Latino Art
Produced by Pat McConahay

 

In 1983 Art Luna was one of the first Sacramento restaurant owners to invite local artists to show their works on his walls. He saw this as a way to get art before the masses, especially Latino art, which wasn't always embraced by mainstream galleries.

Much of Latino Art uses a bold style, which reflects the struggles they've undergone, particularly in the farm fields where they've toiled for so many generations. Seventy-eight-year-old Benny Barrios is considered Sacramento's pioneering Mexican American painter. It was in 1954 that this modest son of farmworkers began breaking down barriers. He was the first Latino to show at the Crocker Art Museum.

The cutting-edge series was called "Wetbacks" and portrayed the plight of the migratory farm worker stealing across the border. While some of Barrios's pieces make biting political statements, the majority of his work reflects his love for Sacramento and for the rough and tumble neighborhood he grew up in. 44th and T was an area of prostitutes and bars. Barrios captured the hard-pressed time. This soft-spoken artist paved the way for the next wave of Mexican painters-the rebellious Chicano generation of the 70s-artists that combined an in-your-face art with protest and community activism.

Jose Montoya and fellow artists, collaborated with labor leader Cesar Chavez to fight for the rights of farmworkers. Their artistic posters carried the messages of the movement. Later Montoya co-founded the ground-breaking Chicano artist's cooperative, humorously dubbed the Royal Chicano Air Force or RCAF. As a retired art professor, Montoya also influences up-and-coming Latino artists. The preservation of a precious cultural commodity like art, rests in their paint brushes.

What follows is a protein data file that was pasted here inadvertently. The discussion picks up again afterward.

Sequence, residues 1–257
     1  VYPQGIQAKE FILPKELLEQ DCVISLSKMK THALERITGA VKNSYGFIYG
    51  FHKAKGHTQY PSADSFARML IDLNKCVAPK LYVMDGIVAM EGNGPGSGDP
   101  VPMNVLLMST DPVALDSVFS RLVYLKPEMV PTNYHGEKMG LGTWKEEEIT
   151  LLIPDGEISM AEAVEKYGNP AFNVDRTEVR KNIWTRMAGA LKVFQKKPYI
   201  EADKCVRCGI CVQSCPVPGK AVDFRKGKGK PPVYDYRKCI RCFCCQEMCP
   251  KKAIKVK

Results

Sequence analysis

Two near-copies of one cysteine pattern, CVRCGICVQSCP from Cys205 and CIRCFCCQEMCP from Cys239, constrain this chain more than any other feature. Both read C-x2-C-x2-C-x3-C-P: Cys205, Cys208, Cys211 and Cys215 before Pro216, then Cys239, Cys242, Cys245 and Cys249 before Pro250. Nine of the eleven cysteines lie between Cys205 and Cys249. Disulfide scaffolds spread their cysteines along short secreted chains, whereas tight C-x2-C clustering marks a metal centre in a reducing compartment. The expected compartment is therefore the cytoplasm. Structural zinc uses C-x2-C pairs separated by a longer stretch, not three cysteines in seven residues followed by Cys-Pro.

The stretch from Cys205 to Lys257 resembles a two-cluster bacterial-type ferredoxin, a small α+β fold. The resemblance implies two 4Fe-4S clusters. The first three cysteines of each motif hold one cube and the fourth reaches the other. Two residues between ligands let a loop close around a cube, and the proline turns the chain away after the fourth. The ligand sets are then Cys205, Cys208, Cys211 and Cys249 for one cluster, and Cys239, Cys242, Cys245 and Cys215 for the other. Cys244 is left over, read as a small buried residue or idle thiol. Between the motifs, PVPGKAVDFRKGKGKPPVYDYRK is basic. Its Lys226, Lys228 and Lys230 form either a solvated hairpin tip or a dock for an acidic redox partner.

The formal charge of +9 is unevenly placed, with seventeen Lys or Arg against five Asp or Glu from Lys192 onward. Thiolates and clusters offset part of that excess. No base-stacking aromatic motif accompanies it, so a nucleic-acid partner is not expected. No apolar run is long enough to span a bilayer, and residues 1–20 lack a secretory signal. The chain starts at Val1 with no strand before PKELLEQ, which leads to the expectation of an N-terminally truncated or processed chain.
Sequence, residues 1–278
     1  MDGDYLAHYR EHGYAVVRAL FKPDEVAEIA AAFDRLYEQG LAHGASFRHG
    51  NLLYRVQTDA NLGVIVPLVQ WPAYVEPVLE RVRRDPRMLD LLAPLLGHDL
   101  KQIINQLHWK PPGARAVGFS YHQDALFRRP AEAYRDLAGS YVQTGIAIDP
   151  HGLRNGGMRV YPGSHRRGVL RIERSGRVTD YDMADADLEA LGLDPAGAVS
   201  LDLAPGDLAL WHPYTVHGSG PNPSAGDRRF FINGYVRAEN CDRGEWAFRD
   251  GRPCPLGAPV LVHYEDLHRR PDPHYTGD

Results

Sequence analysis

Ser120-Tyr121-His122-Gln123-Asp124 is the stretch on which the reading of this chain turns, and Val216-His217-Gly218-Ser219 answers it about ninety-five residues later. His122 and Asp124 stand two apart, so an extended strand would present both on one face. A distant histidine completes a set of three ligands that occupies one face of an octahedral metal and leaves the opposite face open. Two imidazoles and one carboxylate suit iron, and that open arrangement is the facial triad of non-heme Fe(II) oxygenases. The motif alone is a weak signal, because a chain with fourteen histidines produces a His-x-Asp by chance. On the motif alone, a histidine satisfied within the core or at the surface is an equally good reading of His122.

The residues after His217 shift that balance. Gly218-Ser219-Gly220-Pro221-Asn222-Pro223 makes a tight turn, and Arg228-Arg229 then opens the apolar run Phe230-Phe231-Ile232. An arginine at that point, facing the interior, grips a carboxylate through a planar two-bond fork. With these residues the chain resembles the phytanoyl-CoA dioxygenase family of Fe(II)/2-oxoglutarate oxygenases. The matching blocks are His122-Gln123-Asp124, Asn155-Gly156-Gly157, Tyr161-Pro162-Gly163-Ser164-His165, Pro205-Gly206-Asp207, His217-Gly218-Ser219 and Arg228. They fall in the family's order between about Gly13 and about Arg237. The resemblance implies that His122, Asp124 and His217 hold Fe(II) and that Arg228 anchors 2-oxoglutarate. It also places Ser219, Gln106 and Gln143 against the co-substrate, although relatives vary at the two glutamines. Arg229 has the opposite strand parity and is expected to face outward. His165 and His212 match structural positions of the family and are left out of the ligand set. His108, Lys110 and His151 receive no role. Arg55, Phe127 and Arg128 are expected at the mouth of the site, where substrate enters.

Twenty-four-year-old Zeneida (ZENIDA) Cid symbolizes the new generation of Chicano artist. Her themes are more mainstream than those of her activist forebears. However, she's still influenced by her father Armando Cid, an early RCAF member. Cid is an education outreach assistant for the Sacramento Metropolitan Arts Commission, with degrees in art history and anthropology from U.C. Davis. She says today's young Latino artists are better educated than those who've gone before, and education is key to turning out a new legion of Latino artists.

Cid, who's work is showing at Luna's Café, says another way Latino art can flourish is by changing the attitude some have that it's just folk rather than fine art-fit for any mainstream gallery. If there's to be a future for these young artists and their cultural contributions we must preserve the past.

A major effort to archive and catalogue these timeless treasures is underway at Sacramento's La Raza Galleria Posada. Founded in 1972, its mission is to advance and celebrate Chicano and Latino culture. Marisa Gutierrez is the creative director. What Latino Art can bring to everyone is a proud and vibrant history. It's a culture that's helped shape the Central Valley through the bold strokes of the artist's brush.

 

INTERVIEWS:

Brian Leahy
President, CA Certified Organic Farmers

Sean Swezey
Director of SAREP

Mark McAfee
Owner, Organic Pasture Dairy


TRANSCRIPT:

The complete text of New Valley Episode 204 - Lost and Found...

 

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